A Guide to the George Rogers Clarke Papers, 1858-1862, 1959
Born in New York, George Rogers Clarke (b. 1828) moved to California and New Mexico as a young man, seeking a drier climate to alleviate his poor health after contracting tuberculosis in his youth. Following his service in the U. S. Army during the Mexican War, Clarke lived briefly in Galveston, Port Lavaca, and Powderhorn, Texas, engaging in the cattle trade. In 1858, he drove cattle from Indianola, Texas, to the Santa Anna River in California, though eventually found the enterprise unprofitable. An amateur inventor, Clarke crafted printing press machinery and breach loading guns, among other inventions. After Clarke’s service in the Confederate Army during the Civil War, he married Elizabeth M. Moran, with whom he had two daughters.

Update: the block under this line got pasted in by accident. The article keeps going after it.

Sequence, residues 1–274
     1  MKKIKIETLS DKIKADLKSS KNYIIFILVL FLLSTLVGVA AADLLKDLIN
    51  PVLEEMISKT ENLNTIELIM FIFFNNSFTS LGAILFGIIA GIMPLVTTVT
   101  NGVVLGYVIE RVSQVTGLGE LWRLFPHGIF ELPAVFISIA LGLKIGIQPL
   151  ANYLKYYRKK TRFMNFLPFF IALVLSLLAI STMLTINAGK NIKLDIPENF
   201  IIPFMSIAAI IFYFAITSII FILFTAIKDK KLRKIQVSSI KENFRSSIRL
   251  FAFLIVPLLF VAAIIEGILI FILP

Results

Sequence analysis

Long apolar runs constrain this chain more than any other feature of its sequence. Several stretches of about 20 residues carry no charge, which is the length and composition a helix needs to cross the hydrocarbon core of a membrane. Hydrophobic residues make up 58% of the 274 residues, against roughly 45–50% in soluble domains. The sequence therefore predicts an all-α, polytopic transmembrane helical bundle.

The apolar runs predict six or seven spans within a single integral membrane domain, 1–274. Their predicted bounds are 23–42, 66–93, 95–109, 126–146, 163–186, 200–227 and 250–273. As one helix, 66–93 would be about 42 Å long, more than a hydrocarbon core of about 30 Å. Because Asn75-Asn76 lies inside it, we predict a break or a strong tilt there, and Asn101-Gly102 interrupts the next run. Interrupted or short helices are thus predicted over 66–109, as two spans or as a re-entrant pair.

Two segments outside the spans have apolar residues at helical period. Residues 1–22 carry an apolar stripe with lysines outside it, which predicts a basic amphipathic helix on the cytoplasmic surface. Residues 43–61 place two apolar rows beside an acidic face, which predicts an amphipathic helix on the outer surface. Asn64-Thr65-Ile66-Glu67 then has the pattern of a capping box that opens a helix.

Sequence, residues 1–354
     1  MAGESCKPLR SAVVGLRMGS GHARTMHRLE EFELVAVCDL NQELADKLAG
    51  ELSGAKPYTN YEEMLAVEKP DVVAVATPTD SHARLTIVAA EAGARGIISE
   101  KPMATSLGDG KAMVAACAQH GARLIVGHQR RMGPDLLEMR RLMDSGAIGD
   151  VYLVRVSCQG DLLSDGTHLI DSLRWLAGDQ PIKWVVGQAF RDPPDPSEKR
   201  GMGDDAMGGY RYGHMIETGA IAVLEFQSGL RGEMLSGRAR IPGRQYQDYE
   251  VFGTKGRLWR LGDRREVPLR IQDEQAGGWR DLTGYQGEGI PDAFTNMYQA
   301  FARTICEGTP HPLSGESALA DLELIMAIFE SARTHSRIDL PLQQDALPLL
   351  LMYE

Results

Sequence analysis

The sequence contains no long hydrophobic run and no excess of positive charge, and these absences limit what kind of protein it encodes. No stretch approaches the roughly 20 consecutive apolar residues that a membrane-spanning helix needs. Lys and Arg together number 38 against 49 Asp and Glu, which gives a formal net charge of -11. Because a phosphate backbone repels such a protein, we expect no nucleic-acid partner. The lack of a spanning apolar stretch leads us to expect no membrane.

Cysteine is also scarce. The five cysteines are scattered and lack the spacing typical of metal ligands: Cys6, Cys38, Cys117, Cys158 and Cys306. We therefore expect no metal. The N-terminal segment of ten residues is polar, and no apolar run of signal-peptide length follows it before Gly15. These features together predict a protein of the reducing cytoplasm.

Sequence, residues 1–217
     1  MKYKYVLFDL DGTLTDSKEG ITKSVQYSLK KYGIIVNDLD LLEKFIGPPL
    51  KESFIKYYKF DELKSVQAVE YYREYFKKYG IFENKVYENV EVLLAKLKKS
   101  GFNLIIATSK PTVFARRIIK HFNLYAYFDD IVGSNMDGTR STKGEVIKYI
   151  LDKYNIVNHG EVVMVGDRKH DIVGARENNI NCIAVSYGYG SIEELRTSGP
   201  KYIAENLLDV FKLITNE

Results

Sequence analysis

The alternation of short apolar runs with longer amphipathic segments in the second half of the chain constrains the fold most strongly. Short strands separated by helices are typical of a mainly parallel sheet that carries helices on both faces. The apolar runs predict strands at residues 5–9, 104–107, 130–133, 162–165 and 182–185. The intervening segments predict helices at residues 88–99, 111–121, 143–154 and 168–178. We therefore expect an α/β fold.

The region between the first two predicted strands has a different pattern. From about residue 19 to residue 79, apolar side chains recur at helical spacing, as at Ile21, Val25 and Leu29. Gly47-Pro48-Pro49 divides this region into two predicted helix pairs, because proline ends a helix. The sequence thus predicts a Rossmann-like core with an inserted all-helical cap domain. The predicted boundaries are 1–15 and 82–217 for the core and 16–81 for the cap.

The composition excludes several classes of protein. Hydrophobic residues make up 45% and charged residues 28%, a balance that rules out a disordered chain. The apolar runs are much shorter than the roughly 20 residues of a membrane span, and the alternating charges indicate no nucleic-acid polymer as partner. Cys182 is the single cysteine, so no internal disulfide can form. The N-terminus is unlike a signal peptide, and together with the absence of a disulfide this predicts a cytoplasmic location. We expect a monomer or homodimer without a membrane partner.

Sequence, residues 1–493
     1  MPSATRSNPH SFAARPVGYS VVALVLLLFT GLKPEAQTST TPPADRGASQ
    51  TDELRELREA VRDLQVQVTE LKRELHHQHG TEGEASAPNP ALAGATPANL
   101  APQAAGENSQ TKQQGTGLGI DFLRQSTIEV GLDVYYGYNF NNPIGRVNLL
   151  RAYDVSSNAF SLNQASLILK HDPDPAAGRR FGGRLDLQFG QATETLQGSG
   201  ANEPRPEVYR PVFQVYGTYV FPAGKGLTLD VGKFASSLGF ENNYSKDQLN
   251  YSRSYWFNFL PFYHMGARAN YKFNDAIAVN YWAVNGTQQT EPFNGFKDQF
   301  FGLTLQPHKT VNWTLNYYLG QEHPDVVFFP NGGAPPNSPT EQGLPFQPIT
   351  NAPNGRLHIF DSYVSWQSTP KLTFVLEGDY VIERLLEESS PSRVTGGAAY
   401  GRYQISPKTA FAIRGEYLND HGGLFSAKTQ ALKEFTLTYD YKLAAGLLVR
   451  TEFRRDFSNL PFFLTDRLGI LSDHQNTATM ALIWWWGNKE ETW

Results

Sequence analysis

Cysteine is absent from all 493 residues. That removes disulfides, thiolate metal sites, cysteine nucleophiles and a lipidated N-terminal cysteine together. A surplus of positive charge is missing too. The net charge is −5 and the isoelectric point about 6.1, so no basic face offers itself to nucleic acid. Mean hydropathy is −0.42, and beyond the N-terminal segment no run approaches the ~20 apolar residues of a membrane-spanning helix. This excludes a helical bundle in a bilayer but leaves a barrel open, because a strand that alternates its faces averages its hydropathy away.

Comprised of a typescript of a journal, correspondence, and a photograph, the George Rogers Clarke Papers, 1858-1862, 1959, document Clarke’s cattle drive from Indianola, Texas, to the Santa Anna River in California, and his family history. The journal describes the cattle drive, various locations in Texas, and weather conditions (1858), while correspondence concerns Clarke’s inventions (1862) as well as his family history (1959). Additionally, the collection contains a photograph of Clarke.
This collection is open for research use.
George Rogers Clarke Papers, 1858-1862, 1959, Dolph Briscoe Center for American History, The University of Texas at Austin.
Basic processing and cataloging of this collection was supported with funds from the National Historical Publications and Records Commission (NHPRC) for the Briscoe Center’s "History Revealed: Bringing Collections to Light" project, 2009-2011.
Detailed Description of the Papers